By Fereidoon Sioshansi
Every year hordes of people from around the world gather in Las Vegas for the Consumer Electronics Show, one of the biggest shows in town. This year was no exception with 4,000 companies showing their latest gadgets to 150,000 delegates from 100 countries.
For the past few years, all sorts of smart devices have dominated the show–and they are getting progressively smarter and increasingly connected to other smart devices in the home, office, factory floor, cars, or whatever.
This year’s show was dominated by two competing tech giants Amazon and Google, each featuring their voice-activated smart assistants–which are getting more useful, more ubiquitous–and potentially more invasive–as time goes on.
Why talk about gadgets and the Consumer Electronics Show in a newsletter about energy? Because gadgets use electricity and if they are smart and connected, they can be better controlled and managed. No matter who makes the gadgets, they are likely to be voice-activated and compatible with Amazon’s Alexa or Google’s Assistant –or both.
The Consumer Electronics show. (Source: CES, Las Vegas, NV, Jan 2019)
At the core of the smart gadget revolution is that users can simply say play Chopin or Rossini, raise or lower the thermostat, turn on, off, or dim the lights, lock the front door, close the window shades and much more without having to type in any commands, touch any screen or even move a finger.
Voice-activated is the latest rage.
Amazon, currently the leader, is trying to keep it simple and hassle-free by offering a chip, which can be added to almost any electronic product enabling it to seamlessly and wirelessly communicate with Alexa thru the Alexa Connect Kit.
Not to be outdone, Google has just released its own version, the Google Assistant Connect.
It is fair to say that as time goes on, most electronic devices from refrigerators to toasters will have such chips built-in, allowing them to wirelessly connect to an Amazon or Google voice-activated device.
Amazon enjoys 41 percent of the market share in global smart speaker business followed by Google with 28 percent.
As it often does, Amazon took a lead in 2015 by introducing the Echo speaker with the aim of working–or forcing–appliance and electronic manufacturers to make their hardware compatible with Alexa leading to the rise of network-enabled microwaves, washing machines, thermostats, light bulbs and TVs, among other devices. It followed in 2016 by releasing a set of programming tools for developers. Google, followed in 2016–realizing this was an opportunity it could not afford to miss–while Apple initially fumbled with its rival E-Consumer Electronics Show, HomeKit, which originally had to use a proprietary chip in their products. It lost valuable time and market share.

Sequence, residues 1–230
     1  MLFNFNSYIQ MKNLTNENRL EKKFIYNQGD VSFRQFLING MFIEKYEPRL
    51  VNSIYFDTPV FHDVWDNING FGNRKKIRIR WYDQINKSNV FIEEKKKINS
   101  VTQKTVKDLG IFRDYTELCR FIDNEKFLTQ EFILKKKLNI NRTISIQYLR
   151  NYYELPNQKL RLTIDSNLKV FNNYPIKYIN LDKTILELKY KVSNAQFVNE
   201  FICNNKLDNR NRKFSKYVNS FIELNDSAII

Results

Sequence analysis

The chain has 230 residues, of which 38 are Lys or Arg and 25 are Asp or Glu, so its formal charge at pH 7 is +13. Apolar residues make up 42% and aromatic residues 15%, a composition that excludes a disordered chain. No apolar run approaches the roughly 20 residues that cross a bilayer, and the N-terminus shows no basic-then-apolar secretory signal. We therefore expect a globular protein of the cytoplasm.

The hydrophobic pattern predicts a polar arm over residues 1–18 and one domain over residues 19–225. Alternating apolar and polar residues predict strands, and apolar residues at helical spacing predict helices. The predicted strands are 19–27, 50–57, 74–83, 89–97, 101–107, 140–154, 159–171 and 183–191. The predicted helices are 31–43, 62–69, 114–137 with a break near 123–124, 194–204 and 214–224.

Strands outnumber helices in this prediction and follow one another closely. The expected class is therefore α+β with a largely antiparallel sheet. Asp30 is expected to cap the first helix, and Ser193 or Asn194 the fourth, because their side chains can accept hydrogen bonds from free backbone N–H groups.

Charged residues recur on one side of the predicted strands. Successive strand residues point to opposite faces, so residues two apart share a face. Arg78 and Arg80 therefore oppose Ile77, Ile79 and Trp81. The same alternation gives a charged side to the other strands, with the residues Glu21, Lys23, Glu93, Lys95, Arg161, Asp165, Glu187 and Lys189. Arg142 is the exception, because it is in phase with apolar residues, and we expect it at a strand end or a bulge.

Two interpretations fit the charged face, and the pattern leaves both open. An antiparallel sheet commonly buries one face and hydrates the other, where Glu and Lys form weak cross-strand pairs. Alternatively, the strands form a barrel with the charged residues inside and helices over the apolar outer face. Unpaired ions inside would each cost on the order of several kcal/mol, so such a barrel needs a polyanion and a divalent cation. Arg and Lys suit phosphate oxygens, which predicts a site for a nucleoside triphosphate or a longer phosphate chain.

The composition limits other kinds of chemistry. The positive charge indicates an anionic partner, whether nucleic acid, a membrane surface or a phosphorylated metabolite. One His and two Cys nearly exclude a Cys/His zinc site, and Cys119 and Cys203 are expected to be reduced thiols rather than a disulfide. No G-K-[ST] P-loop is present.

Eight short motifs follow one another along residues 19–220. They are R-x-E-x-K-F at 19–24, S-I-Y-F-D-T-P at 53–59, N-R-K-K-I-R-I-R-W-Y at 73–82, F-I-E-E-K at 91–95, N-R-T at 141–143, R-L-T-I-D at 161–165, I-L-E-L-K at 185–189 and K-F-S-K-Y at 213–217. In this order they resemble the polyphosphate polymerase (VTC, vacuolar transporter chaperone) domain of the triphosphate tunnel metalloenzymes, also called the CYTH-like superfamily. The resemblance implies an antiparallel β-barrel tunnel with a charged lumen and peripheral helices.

According to Canalys, a market research firm, together Amazon and Google probably account for 4/5th of the smart speakers sold in the U.S. and 60 percent of global sales. Apple is trying to catch up.
Voice-activated gadgets wirelessly communicating with a smart device have emerged as the standard in smart homes, offices and cars. Voice offers an easy and hands-free means of communicating– as simple as, “Alexa, turn on the TV.” Moreover, as the technology improves to better decipher speech, voice-enabled gadgets become easier to use.
All the fuss about this? (Source: Amazon)
What is there not to like?
For personal assistants like Alexa to be effective, they must be on at all times–constantly listening and ready to respond to commands. They get better at providing personalized services the longer they’ve been around and the more we use them. In view of recent scandals of breach of private data by Facebook and others, many consumers may balk at having such intrusive devices in their homes –which defeats the entire game plan.
Mindful of the privacy concerns, during the Consumer Electronics Show, Apple posted huge banners on billboards in Las Vegas with the message, “What happens on your iPhone, stays on your iPhone”–mimicking the city’s famous marketing slogan: “What happens in Los Vegas, stays in Los Vegas.”
Assuming that the privacy issue is not a showstopper, it is easy to imagine a future where virtually every appliance and gadget in new homes will be smart, voice-activated and connected. This will enable an aggregator or intermediary–perhaps Amazon, Google or Apple–to go a step further by managing all the energy-consuming assets in the building, including the solar PV panels on the roof, the battery and/or the electric vehicle and the charger in the garage.
Smart home is finally within view.
This article, edited by Current, was originally printed in the March 2019 issue of EEnergy Informer. You can reach the editor at email@example.com